While this case did turn very much on the particular factual circumstances of the relationship between the parties, it is a useful reminder of the need to use clear contractual language that reflects the intentions of the parties to minimise the risk that a Court may construe the contract in a way in which one or more  parties may not have intended.

The standard form agreement in this case governed the supply of cane by cane growers to mills operated by Mackay Sugar Ltd (Mackay Sugar), which was an incorporated entity owned exclusively by cane growers.  Mackay Sugar was expressly empowered to vary “operational” parts of the agreement, including the price setting mechanism, “in consultation with” the growers’ bargaining representatives.  

Due to financial problems, Mackay Sugar had amended the price (by imposing a levy) by deed poll. The growers successfully argued the decision had not been made “in consultation with” the grower representatives because, while Mackay Sugar may have consulted with them, the grower representatives had not actually agreed to the amendment.

In finding that an amendment required the agreement of the bargaining representatives (rather than just consultation without fettering the power to amend), Holmes CJ looked at both the language of the agreement and the nature and history of the relationship between the parties and held that:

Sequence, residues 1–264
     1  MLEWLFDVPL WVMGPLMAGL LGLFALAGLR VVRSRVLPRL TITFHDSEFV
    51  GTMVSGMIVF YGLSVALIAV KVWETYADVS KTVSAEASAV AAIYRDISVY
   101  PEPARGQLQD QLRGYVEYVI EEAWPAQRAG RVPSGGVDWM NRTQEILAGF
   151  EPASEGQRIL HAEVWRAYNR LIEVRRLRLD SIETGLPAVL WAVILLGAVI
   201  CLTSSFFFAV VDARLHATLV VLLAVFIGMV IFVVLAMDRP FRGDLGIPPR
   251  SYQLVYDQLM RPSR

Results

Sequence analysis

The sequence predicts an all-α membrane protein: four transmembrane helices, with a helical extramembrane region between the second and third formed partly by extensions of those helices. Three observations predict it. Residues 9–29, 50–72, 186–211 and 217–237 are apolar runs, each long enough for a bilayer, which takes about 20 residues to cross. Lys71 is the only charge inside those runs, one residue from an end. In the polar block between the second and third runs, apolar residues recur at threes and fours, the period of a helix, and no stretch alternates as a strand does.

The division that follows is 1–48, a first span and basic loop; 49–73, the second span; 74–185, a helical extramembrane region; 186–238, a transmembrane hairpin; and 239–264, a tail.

• the words “in consultation with” were ambiguous.  The use of the preposition in rather than after suggested a temporal connection between the consultation and the amendment, i.e. that they occur in combination;
  • other clauses of the agreement shed light on the correct construction.  Other clauses which required Mackay Sugar to consult with the bargaining representatives before finalising a payment program and gave Mackay Sugar the right to end crushing operations after consultation with the bargaining representatives were unambiguous and showed an intention that consultation and decision making take place as distinct events in a sequence.  Further, while another clause did permit Mackay Sugar to decide whether there had been a material change of circumstances requiring an immediate amendment “in consultation with” the bargaining representatives, nothing could result from the decisions alone (rather Mackay Sugar was then required to get the consent and signature of the other parties); 
  • a reasonable business person would not regard it as commercial for a party to agree that the other party could unilaterally determine the price to be paid for its produce;
  • the co-operative history of the relationship and the fact that there were only 2 bargaining representatives for 851 growers (which allowed for a streamlined process for agreeing the amendment) also favoured a commercial construction of agreed amendment; and
  • a term requiring both parties act in good faith and reasonably in the amendment process was properly implied in the context of the agreement.
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